Friday Song: “Rock This Town”

An artist revives rockabilly, then Big Band swing, with a great song connecting them.

If you watch the US version of Ghosts, you are familiar with the Lenape tribe, which originally settled Massapequa, NY, on Long Island, a town that has since produced a number of notable cultural figures.

Brian Setzer was born in Massapequa, as were Twisted Sister’s Dee Snider, Joey Buttafuoco, Alec Baldwin (and brothers), and Jerry Seinfeld.

As a teen, Setzer founded a band called the Tomcats, which he renamed the Stray Cats not long after. Reviving rockabilly music, the Stray Cats exploded on the New York punk scene in the late 1970s. Their fan base expanded so quickly that they found themselves being courted by no less than a half dozen record labels by 1980.

Setzer decided to record the band’s eponymous debut album in the UK, and from it sprang three singles — “Runaway Boys,” “Stray Cat Strut,” and “Rock This Town,” the last of which reached #9 on the singles chart and has been listed by the Rock and Roll Hall of Fame as one of the “500 Songs That Shaped Rock and Roll.”

The Stray Cats came and went quickly — as you’d expect with a name like that — but in those few years (1981-4), Setzer established himself as a charismatic performer and guitar virtuoso. After working with Robert Plant as a studio artist and recording a strong solo album of his own (The Knife Feels Like Justice), Setzer did for swing music what he’d done for rockabilly — revived it with a fresh approach, some amazing musicianship, and distinctive performance chops.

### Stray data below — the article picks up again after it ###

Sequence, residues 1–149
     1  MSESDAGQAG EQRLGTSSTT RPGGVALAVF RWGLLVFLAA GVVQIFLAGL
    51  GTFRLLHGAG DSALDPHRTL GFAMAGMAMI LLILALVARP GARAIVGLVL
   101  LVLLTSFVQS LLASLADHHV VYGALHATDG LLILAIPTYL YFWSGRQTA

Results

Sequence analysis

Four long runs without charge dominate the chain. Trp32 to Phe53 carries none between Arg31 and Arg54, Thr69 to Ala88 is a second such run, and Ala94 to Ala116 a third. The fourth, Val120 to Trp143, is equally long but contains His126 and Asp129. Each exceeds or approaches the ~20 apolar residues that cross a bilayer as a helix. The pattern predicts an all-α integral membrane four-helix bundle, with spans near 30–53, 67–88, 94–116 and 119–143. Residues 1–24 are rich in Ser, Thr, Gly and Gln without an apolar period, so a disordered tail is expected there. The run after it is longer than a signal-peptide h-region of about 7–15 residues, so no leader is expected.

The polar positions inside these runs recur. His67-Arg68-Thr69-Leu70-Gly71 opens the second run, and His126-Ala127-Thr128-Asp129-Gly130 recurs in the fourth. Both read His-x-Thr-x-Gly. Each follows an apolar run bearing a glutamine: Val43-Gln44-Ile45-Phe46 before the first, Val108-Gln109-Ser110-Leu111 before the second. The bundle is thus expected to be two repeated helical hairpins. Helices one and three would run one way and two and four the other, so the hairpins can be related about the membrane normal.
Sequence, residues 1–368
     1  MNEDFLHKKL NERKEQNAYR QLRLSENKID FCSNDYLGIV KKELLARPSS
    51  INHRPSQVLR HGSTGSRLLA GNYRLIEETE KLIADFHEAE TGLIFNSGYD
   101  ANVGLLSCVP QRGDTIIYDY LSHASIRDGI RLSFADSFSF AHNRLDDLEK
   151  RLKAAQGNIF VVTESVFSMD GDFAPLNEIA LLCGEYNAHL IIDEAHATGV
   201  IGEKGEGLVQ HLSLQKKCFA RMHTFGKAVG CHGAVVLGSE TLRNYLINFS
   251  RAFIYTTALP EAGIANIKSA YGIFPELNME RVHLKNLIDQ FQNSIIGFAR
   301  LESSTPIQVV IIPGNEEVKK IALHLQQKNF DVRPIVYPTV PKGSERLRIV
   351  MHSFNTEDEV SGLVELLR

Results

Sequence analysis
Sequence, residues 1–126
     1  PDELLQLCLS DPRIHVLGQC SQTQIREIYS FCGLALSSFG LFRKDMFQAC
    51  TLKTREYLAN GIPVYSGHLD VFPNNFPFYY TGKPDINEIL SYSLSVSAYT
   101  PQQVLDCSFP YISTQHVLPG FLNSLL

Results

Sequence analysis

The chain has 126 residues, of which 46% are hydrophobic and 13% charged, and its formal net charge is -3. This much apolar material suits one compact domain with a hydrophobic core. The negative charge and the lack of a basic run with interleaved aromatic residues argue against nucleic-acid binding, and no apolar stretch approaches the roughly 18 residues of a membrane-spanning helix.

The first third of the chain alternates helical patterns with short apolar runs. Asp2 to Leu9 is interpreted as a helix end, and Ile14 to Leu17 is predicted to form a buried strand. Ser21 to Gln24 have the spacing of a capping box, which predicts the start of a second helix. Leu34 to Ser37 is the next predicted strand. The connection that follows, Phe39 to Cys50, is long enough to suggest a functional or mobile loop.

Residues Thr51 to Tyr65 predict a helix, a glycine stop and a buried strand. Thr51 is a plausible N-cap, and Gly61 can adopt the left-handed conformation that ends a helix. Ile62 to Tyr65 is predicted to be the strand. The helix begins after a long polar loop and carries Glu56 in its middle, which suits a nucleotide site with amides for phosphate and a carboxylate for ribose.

Setzer assembled a 17-piece Big Band (the Brian Setzer Orchestra) that broke through with a cover of Louis Prima’s “Jump, Jive an’ Wail” off the 1998 album The Dirty Boogie. The song won the Grammy Award for Best Pop Performance by a Duo or Group with Vocals, while “Sleep Walk” from the same album won the Grammy for Best Pop Instrumental Performance.

The Dirty Boogie remains a favorite road trip album. It’s timeless fun.

This performance of “Rock This Town” with a Big Band arrangement dates from 2012, and captures the band in all its glory — Setzer strutting like the stray cat he always has been, and the swing era updated for the modern age.


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